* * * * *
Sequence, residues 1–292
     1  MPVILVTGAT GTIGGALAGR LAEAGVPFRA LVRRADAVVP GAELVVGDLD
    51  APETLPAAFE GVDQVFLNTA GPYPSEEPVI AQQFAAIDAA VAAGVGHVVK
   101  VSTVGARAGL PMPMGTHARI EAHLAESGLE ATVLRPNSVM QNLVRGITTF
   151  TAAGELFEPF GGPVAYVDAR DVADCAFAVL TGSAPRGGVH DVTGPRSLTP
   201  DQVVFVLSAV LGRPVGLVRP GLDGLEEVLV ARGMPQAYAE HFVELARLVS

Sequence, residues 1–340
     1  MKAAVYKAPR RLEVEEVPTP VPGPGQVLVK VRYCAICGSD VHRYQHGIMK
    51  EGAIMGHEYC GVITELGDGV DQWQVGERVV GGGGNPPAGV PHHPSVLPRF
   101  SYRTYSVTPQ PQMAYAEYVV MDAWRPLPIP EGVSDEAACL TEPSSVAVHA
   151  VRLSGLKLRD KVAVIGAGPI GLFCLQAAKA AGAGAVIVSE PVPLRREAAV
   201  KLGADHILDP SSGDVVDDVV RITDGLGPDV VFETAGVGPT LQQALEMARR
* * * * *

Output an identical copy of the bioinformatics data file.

Sequence, residues 1–292
     1  MPVILVTGAT GTIGGALAGR LAEAGVPFRA LVRRADAVVP GAELVVGDLD
    51  APETLPAAFE GVDQVFLNTA GPYPSEEPVI AQQFAAIDAA VAAGVGHVVK
   101  VSTVGARAGL PMPMGTHARI EAHLAESGLE ATVLRPNSVM QNLVRGITTF
   151  TAAGELFEPF GGPVAYVDAR DVADCAFAVL TGSAPRGGVH DVTGPRSLTP
   201  DQVVFVLSAV LGRPVGLVRP GLDGLEEVLV ARGMPQAYAE HFVELARLVS

Sequence, residues 1–340
     1  MKAAVYKAPR RLEVEEVPTP VPGPGQVLVK VRYCAICGSD VHRYQHGIMK
    51  EGAIMGHEYC GVITELGDGV DQWQVGERVV GGGGNPPAGV PHHPSVLPRF
   101  SYRTYSVTPQ PQMAYAEYVV MDAWRPLPIP EGVSDEAACL TEPSSVAVHA
   151  VRLSGLKLRD KVAVIGAGPI GLFCLQAAKA AGAGAVIVSE PVPLRREAAV
   201  KLGADHILDP SSGDVVDDVV RITDGLGPDV VFETAGVGPT LQQALEMARR